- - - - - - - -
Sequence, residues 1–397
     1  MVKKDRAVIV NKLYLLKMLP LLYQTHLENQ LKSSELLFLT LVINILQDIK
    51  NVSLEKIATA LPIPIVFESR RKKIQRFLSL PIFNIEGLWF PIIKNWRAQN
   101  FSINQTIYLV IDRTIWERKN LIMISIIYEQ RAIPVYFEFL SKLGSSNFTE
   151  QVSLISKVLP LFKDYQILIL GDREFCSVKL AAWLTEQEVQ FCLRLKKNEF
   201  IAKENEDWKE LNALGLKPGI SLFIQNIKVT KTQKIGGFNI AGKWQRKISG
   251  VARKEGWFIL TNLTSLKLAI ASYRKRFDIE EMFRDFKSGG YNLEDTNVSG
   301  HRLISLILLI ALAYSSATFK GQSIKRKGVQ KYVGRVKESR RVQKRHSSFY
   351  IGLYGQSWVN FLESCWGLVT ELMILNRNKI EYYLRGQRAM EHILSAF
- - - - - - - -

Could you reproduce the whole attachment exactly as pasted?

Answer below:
Sequence, residues 1–397
     1  MVKKDRAVIV NKLYLLKMLP LLYQTHLENQ LKSSELLFLT LVINILQDIK
    51  NVSLEKIATA LPIPIVFESR RKKIQRFLSL PIFNIEGLWF PIIKNWRAQN
   101  FSINQTIYLV IDRTIWERKN LIMISIIYEQ RAIPVYFEFL SKLGSSNFTE
   151  QVSLISKVLP LFKDYQILIL GDREFCSVKL AAWLTEQEVQ FCLRLKKNEF
   201  IAKENEDWKE LNALGLKPGI SLFIQNIKVT KTQKIGGFNI AGKWQRKISG
   251  VARKEGWFIL TNLTSLKLAI ASYRKRFDIE EMFRDFKSGG YNLEDTNVSG
   301  HRLISLILLI ALAYSSATFK GQSIKRKGVQ KYVGRVKESR RVQKRHSSFY
   351  IGLYGQSWVN FLESCWGLVT ELMILNRNKI EYYLRGQRAM EHILSAF